Big Brother

Discussion in 'General' started by roach, Jan 12, 2002.

  1. A major US ISP which is a subsidiary of a foreign corporation hosts a US government operation to monitor all traffic handled by the ISP at a central network operations center. This operation was set up as a condition for the foreign corporation to acquire the ISP and as far as known is not the result of a court order. No officer or employee of the foreign corporation or the ISP subsidiary has access to or control over the operation. Traffic is monitored by personnel who have security clearances for handling confidential information acquired by monitoring. Streaming data may be searched for key words or other information, collected and transmitted to the sponsoring agency for analysis and evaluation.

    The representative claims that another US government surveillance activity set up after September 11 is for ISPs to host sites set up to offer information likely to be sought by terrorists, such as detailed airline schedules or other dangerous information. The logs of access to these sites are copied to CDs daily and sent to the supervising agency. ISP personnel are forbidden to monitor the sites or examine the logs. Numerous US ISPs are allegedly involved in this activity. As far as known this activity is not the result of a court order.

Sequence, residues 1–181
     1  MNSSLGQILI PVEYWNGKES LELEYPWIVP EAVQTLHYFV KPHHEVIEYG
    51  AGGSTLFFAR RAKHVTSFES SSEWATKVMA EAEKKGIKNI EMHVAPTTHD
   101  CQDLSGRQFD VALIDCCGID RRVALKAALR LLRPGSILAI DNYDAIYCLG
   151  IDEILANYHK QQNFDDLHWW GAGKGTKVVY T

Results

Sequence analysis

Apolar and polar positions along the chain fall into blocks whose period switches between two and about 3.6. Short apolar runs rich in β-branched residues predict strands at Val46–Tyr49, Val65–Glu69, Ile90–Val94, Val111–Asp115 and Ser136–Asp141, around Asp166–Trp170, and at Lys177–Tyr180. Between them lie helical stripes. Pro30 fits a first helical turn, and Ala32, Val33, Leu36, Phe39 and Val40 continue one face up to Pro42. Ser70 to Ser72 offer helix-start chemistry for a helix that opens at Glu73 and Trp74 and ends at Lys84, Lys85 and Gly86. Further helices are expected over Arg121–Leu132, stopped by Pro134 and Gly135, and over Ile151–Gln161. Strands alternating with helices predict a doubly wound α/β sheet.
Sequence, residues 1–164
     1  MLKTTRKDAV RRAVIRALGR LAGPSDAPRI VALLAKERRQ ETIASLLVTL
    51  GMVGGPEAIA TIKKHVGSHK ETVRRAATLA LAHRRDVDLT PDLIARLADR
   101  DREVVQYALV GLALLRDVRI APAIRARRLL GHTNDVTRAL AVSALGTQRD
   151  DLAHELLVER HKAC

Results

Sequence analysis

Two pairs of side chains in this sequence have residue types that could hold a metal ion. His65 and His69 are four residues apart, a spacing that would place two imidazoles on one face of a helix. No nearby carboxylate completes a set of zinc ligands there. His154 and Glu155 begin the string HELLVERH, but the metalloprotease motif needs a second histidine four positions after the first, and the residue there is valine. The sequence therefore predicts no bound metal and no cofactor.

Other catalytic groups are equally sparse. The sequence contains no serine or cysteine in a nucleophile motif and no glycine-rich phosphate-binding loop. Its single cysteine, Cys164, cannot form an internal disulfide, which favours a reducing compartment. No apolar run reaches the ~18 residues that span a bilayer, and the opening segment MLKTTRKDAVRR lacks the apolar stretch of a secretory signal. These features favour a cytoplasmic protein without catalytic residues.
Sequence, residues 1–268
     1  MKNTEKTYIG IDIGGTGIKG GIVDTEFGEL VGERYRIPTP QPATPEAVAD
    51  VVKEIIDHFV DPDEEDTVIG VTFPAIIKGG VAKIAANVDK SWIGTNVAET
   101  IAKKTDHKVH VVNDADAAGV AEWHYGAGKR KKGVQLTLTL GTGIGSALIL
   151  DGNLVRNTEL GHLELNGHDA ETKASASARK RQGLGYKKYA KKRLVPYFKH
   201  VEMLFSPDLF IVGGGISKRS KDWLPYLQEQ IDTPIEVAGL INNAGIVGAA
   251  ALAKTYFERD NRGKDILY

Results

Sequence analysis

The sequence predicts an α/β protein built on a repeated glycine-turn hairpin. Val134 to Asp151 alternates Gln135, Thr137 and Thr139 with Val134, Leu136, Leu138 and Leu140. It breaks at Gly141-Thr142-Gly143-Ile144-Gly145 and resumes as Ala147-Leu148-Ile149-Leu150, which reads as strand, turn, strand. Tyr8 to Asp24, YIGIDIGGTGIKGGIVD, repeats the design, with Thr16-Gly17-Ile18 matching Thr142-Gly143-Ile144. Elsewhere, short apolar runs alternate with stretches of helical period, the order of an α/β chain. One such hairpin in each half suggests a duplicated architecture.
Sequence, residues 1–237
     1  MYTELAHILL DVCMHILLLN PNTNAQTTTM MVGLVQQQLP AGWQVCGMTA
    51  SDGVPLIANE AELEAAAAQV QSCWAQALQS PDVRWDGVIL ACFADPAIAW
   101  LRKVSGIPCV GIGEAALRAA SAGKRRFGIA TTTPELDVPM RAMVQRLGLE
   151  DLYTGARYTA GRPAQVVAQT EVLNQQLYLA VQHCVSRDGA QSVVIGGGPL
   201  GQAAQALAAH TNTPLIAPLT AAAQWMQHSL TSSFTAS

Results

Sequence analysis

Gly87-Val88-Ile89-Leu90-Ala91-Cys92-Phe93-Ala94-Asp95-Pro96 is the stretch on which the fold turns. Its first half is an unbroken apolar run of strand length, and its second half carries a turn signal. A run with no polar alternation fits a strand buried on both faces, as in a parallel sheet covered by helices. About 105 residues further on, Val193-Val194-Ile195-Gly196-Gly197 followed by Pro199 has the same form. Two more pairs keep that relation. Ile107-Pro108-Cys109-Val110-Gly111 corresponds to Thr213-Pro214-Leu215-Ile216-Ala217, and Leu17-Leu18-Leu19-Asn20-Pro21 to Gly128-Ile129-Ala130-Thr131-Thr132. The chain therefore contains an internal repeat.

Cryptome would appreciate learning more about such non-court-ordered governmental Internet monitoring for publication here. In particular, leads on information on the central monitoring operation at the foreign-owned ISP -- which sounds like a description of Verio, Cryptome's host, now owned by Japan's NTT Corporation. At the time of NTT's purchase of Verio, there were news reports of FBI objection to the sale unless arrangements were made to prevent foreign espionage and to avoid interference with lawful interceptions.

    Cryptome has no knowledge that its logs are forwarded to officials but it would be a snap to do -- our two machines are located in Virginia (Cryptome) and California (JYA), traces below. So consider anonymizing your visits.

    Anonymous contributions welcomed. Encrypt if preferred. Public key on Cryptome home page. Send to:


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